This post is sponsored by FLYJOY, all opinions are my own.
Sometimes it takes a race to force you to slow down. Last year will always go down in the books as one of the more difficult years of my life, a year that I found myself frantically running here and there, trying to put out fires, keep other fires burning and generally survive from one trial to the next. But this year, the year of "faithful," I've finally learned how to slow down. Part of it is just having space, room to just "be," but part of it is finally understanding that the frantic life is the exhausting life. The crazy-busy and just simply, crazy.
I didn't grow up with many traditions, the only constant really being a tree at Christmas and my family gathered around it at some point in late December. So when I became a mom, I wanted to go all out with traditions, I wanted to knock my eight month old's Christmas outta the park. (Because you know, he'll definitely remember it.) So I hopped on Pinterest and saved every pin that looked applicable. I asked friend's what they were doing and took notes, I participated in a Jesse Tree exchange, I bought 50 feet of fresh garland and threw it on every surface in the house. I went in like a hurricane and when Christmas was done, I felt like I had been hit by one.
But thankfully, through the crazy of last year, I'm learning the beauty of slow traditions, of choosing one thing and doing it well. Of letting go of doing it all and making every! single! moment! special! but instead finding something that sounds both easy and meaningful (and it must be BOTH) and implementing one thing, one year at a time.
One tradition my husband and I have been doing long before we even had kids is Operation Christmas Child. A program of Samatarian's Purse, OCC provides Christmas gifts to children in need, many of them have never even received a gift before in their lives. While I felt like it was a "nice" thing to do pre-kids, these days, we've been able to turn it not only into a fun tradition for our children, but also into a valuable learning tool. Because by slowing down with traditions and focusing on only adding one each year and building our repertoire slowly over time, I actually have time to think through why we're doing what we're doing, and how to implement it for maximum impact.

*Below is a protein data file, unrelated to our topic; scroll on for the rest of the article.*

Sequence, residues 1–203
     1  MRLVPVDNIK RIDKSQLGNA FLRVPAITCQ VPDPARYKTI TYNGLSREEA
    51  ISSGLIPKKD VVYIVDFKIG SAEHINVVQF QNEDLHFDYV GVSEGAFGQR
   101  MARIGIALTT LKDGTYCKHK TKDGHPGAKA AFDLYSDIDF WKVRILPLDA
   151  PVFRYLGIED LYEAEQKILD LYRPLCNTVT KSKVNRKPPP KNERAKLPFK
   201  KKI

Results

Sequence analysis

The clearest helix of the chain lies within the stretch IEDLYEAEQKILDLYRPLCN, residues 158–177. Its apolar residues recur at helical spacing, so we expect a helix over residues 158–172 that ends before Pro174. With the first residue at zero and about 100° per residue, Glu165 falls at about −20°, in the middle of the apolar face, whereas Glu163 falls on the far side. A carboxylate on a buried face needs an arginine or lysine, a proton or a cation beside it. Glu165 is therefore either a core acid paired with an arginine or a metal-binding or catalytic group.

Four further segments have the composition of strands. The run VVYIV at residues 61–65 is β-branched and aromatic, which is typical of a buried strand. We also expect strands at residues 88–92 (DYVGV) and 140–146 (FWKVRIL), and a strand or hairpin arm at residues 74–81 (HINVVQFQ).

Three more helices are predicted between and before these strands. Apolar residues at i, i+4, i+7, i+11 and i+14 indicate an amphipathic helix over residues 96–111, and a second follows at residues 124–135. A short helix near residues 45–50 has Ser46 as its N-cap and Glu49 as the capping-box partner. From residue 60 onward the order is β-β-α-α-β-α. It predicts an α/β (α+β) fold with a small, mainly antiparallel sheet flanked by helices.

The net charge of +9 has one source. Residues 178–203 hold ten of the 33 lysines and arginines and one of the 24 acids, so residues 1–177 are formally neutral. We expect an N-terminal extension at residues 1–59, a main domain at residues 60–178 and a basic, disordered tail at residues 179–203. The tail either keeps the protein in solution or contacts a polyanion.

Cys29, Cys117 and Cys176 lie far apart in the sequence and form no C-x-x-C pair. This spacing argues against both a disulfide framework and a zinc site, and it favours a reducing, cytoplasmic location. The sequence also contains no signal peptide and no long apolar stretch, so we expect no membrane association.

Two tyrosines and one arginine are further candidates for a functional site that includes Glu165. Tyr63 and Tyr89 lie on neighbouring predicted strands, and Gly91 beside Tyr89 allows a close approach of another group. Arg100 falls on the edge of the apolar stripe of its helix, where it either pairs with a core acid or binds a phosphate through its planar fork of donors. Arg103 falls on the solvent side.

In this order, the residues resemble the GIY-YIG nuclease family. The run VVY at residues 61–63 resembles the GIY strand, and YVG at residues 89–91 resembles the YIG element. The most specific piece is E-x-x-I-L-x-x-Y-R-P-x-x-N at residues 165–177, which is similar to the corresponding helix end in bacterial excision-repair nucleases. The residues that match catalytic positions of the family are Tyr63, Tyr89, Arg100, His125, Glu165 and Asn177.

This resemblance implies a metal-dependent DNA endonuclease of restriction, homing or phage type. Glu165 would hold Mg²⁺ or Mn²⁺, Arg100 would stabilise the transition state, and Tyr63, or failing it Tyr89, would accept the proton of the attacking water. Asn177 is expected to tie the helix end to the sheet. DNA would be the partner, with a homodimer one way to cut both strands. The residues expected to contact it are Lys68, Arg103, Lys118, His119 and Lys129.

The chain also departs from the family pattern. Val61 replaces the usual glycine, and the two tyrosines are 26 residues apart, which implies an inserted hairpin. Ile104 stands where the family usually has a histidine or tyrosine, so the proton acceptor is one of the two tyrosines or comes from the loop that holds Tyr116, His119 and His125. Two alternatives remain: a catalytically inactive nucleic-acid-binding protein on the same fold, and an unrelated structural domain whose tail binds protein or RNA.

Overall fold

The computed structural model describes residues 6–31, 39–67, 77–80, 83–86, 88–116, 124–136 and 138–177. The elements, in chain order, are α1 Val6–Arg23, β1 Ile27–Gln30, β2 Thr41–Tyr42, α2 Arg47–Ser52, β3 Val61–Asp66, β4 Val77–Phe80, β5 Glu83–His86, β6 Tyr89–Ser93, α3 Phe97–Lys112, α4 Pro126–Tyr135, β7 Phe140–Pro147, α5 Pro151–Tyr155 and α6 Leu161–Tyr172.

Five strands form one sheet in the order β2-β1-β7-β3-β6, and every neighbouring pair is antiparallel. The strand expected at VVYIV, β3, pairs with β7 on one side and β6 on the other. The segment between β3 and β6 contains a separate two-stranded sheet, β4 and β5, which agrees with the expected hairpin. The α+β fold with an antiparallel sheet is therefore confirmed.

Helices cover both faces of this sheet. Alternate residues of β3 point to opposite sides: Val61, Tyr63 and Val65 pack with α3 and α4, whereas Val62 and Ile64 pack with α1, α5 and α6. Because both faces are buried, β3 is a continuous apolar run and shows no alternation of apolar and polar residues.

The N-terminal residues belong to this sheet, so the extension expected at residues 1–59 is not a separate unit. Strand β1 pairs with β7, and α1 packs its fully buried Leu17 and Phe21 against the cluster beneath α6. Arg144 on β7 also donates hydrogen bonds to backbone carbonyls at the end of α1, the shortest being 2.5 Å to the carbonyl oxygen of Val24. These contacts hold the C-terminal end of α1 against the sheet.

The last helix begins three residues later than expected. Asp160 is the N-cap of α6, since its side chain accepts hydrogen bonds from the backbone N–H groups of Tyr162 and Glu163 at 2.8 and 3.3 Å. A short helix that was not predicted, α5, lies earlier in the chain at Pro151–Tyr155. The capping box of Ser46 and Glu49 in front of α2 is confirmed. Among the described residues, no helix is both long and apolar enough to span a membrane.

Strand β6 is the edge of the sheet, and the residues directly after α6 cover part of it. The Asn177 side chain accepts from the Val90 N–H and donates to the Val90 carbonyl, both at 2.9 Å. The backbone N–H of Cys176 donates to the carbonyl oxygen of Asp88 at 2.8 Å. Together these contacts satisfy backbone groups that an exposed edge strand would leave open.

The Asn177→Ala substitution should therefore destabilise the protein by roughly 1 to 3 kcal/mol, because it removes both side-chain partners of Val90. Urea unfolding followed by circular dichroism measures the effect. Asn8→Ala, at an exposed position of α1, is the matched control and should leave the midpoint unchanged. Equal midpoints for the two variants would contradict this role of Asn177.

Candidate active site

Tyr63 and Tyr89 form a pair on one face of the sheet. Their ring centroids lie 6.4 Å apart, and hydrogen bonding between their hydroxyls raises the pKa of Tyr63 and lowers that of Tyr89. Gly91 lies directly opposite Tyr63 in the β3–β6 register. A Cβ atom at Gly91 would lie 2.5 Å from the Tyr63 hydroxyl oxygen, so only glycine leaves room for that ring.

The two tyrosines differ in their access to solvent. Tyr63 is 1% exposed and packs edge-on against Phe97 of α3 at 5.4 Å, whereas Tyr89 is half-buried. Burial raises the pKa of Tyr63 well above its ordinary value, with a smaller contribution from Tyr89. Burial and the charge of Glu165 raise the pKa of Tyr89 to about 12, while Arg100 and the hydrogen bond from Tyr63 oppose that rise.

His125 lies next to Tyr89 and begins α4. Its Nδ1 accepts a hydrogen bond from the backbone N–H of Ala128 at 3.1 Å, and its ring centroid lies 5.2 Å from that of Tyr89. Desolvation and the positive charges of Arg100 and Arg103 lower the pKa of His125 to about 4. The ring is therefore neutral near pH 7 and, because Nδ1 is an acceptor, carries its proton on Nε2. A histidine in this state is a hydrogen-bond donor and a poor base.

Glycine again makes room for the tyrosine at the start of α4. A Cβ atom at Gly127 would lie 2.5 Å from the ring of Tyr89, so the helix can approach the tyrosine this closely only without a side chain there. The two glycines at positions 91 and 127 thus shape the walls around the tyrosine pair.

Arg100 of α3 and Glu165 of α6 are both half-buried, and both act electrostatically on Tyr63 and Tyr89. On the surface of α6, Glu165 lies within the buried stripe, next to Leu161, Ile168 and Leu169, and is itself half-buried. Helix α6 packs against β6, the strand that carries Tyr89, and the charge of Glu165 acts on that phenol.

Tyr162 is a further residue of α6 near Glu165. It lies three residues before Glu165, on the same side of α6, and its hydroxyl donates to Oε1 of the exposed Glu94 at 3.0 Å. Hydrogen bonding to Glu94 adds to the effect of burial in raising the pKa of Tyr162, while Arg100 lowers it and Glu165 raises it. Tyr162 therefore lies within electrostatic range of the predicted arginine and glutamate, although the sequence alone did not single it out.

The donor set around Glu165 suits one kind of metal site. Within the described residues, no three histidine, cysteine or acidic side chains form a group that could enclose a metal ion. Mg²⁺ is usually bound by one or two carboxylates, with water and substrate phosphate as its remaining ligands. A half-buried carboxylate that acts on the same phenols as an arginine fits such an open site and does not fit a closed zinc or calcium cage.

For example with the boxes, we make a special trip to Target with dad (Dad NEVER comes to Target.) and the only thing we purchase that day is gifts for our shoeboxes. We talk about it on the car ride there, and through the complaints, whining, "why, why, whys," we have a perfect opportunity to talk about God's goodness and character traits of gratitude, kindness, selflessness, loving our neighbors – and how the world is so. much. bigger. than what we see around us.
We pray together over the boxes before we drop them off and watch where they go online through the tracking program, looking at a globe, watching videos and continuing to pray for the children who will receive the boxes periodically during bedtime prayers. It's funny, because it used to take my husband and I about a half hour do to the boxes when we were child-free, but now our family spends days putting the boxes together, talking about why we're doing them, and watching the boxes online until they reach their destination. It's really special, and exactly what a tradition should be. (And no, we didn't include the FLYJOY bars in the boxes, food isn't allowed. But they were the perfect healthy snack to tide us over while we did the final packing of the boxes, and we love that FLYJOY shares in a similar mission, donating 10 percent of their profits to HOPE International and supporting many poverty-stricken countries.)
Slow traditions have completely changed holidays for me. While we've been doing OCC like this for three years now, this year I finally had head space to implement a Thankful Tree, something I'd been wanting to do since I first became a mom, but only knew I could do well starting this year. Of course, I wanted to do a few other things to anticipate Thanksgiving, but instead, I did what I so rarely do: I practiced self-control and decided doing things slow and small, yet well, is enough.
If you want to participate in OCC, there's still time! They are collecting them through 11/21. Visit the website for instructions and drop-off locations.